NEW YORK ( TheStreet) - Bank of America ( BAC) was the top-performing bank stock in the S&P 500 as financials led a third consecutive day of index gains. All 17 banks in the S&P 500 gained on Thursday amid comments from New York Federal Reserve president William Dudley that the central bank will only end an aggressive bond buying program when the U.S. economy shows strong evidence of growth and that a rise in short term interest rates is not an imminent matter of Fed discussion. Hudson City Bancorp ( HCBK), Keycorp ( KEY), Regions Financial ( RF) and Citigroup ( C) also outperformed broader markets with gains in excess of 1.5%, while U.S. Bancorp ( USB) lagged the sector rising just 0.39% to $36.08. Stocks also benefitted from falling U.S. jobless claims and comments from Chinese banking authorities that they have the tools to quell a liquidity crisis in some short-term funding markets. The S&P 500 was gaining 0.8% to 1,614.18. The gauge has risen 2.1% since Monday though it remains poised to decline 1% for June, making it the S&P's first monthly decline since October. Investors bought shares as Federal Reserve governor Jerome Powell told an audience at the Bipartisan Policy Center in Washington that the economy was showing signs of finally turning-around after more than a few head fakes. "The first reduction in purchases, when it comes, will be an acknowledgement of the economy's progress and a sign of the Committee's confidence in the path to full recovery," said Powell, a member of the Fed's all-important policy-setting panel, the Federal Open Market Committee. Separately, New York Fed President Bill Dudley, in a speech before some recent college graduates, reiterated that the Fed's timeline for curbing its bond-buying program depended on the strength or weakness of economic data over the coming months. Office real estate investment trusts (REITs) Vornado ( VNO), Boston Properties ( BXP) and Prologis ( PLD) were among the top performers in the financial sector, on signs of a cooling to surging interest rates. Insurance companies were the worst performers in the financial sector. Data released earlier today showed consumer spending had increased in May while pending home sales spiked as buyers rushed to take advantage of favorable financing conditions before they tighten.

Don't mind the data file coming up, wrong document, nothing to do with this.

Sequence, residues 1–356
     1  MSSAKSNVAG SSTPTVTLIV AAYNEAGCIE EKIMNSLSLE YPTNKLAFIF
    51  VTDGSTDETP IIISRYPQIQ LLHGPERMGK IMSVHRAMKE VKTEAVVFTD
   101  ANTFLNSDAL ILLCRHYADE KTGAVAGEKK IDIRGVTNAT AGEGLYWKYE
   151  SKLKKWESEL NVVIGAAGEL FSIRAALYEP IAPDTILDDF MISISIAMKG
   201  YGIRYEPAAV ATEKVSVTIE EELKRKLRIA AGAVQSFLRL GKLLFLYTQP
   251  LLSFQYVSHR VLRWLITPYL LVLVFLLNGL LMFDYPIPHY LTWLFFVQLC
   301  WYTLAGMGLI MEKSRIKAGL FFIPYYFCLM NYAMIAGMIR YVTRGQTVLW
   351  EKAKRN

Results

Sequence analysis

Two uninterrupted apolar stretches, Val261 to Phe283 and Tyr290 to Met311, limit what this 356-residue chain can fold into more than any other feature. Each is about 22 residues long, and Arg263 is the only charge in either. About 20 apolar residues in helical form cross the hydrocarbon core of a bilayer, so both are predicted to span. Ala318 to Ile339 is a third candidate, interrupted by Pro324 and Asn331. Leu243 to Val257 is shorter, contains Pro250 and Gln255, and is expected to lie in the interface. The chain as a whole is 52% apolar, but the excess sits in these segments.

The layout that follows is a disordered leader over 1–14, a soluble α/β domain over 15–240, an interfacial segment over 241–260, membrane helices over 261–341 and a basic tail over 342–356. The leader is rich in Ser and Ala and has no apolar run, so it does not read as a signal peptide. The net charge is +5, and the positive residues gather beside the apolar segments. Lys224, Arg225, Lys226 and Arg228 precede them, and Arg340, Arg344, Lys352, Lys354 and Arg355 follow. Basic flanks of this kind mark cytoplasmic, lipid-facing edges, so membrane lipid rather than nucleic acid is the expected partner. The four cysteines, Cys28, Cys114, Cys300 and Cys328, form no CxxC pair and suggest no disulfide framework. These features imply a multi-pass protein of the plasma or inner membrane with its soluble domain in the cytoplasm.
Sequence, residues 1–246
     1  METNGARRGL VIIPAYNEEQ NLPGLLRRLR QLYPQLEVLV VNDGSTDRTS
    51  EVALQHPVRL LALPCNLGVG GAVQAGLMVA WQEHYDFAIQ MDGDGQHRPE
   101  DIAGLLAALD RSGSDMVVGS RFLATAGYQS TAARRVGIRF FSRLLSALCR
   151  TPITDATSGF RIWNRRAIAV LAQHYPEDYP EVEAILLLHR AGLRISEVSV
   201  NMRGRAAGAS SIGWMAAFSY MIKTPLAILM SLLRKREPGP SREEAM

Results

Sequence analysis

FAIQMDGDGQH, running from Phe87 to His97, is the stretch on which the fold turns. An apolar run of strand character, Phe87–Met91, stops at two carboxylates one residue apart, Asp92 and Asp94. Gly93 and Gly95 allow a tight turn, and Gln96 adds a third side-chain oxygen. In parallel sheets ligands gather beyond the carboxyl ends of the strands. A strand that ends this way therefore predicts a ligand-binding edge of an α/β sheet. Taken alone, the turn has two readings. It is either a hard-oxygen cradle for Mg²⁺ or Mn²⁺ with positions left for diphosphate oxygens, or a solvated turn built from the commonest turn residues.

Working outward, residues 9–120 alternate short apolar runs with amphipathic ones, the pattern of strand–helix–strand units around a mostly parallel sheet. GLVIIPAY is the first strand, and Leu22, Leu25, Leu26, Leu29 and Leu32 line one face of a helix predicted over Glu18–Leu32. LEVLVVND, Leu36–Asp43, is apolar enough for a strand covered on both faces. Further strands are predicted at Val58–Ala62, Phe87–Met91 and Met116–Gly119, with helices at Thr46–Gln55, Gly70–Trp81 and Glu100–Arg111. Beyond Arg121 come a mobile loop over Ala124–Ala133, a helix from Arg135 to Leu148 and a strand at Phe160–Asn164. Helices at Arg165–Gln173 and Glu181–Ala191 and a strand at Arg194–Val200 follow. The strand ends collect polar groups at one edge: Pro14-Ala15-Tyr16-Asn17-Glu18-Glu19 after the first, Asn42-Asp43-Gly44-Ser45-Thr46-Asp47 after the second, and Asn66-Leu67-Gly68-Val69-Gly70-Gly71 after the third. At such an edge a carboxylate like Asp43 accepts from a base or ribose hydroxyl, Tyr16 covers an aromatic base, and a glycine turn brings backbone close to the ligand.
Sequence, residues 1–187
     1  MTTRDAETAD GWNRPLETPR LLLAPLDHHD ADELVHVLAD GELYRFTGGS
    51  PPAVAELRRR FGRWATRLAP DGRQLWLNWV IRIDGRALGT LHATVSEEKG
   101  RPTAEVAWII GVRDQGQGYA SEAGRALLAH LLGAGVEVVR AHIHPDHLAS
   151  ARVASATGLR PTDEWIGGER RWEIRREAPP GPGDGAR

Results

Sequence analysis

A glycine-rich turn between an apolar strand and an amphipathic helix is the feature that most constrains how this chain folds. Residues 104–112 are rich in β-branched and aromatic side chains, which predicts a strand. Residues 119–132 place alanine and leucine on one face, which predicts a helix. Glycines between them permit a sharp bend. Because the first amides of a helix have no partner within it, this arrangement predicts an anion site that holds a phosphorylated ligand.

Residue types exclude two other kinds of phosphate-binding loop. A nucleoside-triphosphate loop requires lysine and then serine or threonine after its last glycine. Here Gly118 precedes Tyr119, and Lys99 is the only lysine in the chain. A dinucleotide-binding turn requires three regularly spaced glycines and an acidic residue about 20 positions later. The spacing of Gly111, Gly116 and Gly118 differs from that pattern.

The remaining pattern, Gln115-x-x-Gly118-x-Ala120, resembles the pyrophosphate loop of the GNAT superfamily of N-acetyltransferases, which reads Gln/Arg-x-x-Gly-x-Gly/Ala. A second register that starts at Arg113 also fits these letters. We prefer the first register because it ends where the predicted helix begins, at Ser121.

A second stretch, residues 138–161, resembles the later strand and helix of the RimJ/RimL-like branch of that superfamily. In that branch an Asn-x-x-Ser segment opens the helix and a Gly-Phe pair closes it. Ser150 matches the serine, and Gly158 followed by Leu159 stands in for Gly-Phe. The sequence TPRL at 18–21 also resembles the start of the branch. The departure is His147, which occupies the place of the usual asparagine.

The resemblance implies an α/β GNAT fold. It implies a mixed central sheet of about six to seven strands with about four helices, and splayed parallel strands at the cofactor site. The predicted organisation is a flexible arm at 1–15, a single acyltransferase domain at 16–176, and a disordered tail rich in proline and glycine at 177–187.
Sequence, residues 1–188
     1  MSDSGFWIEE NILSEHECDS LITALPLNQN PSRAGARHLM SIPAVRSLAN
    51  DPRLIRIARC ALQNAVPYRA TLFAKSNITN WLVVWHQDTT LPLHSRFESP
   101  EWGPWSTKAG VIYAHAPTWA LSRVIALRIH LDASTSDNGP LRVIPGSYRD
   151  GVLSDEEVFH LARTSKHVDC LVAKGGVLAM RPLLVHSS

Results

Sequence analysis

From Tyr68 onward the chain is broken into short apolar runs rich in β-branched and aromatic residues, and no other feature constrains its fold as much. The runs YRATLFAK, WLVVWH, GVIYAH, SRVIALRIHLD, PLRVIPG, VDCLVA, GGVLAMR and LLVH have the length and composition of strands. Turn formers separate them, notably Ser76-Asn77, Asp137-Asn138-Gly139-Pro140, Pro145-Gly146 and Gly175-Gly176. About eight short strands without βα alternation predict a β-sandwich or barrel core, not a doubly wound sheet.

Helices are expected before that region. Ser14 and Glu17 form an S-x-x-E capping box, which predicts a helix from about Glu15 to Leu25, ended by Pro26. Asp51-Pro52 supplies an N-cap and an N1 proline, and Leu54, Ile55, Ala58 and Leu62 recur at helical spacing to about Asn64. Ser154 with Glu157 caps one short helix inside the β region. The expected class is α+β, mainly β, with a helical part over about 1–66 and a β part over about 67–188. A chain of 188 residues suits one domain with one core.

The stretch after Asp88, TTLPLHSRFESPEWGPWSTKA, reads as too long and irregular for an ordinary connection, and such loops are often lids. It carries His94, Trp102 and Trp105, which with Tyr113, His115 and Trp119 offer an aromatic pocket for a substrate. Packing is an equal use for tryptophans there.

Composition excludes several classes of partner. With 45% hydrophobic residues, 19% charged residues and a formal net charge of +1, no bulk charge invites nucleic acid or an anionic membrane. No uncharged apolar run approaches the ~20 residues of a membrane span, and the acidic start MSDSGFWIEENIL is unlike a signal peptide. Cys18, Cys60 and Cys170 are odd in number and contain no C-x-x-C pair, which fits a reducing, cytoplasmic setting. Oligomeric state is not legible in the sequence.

The Department of Labor Thursday reported that initial jobless claims in the week ended June 22 decreased 9,000 to 346,000. Economists on average were expecting jobless claims of 345,000. The four-week moving average was 345,750, a decline of 2,750. "The latest reading brings claims back below the 350,000 line-in-the-sand beneath which the economy should translate into payroll gains," Andrew Wilkinson, New York-based chief economist strategist at Miller Tabak said in a note. Continuing claims in the week ended June 15 fell 1,000 to 2.965 million, according the Department of Labor. Economists were expecting continuing claims of 2.95 million. The Bureau of Economic Analysis said that personal income increased by a greater-than-expected $69.4 billion, or 0.5% in May. A 0.2% gain in personal income was expected. Personal spending rose $29 billion, or 0.3%, in line with estimates. The National Association of Realtors said Thursday that its Pending Home Sales Index, a forward-looking indicator based on contract signings, increased by a much greater than expected 6.7% to 112.3 in May, its highest level since late 2006 as buyers appeared to want to take advantage of favorable financing conditions before mortgage interest rates move higher, according to Lawrence Yun, the chief economist at the Chicago-based NAR. A May rise of 1% was expected. "This implies a continuation of double-digit price increases from a year earlier, with a strong push from pent-up demand," Yun said in a statement. Yields on the benchmark 10-year Treasury fell to 2.508%. -- Written by Antoine Gara and Andrea Tse in New York. Follow @antoinegara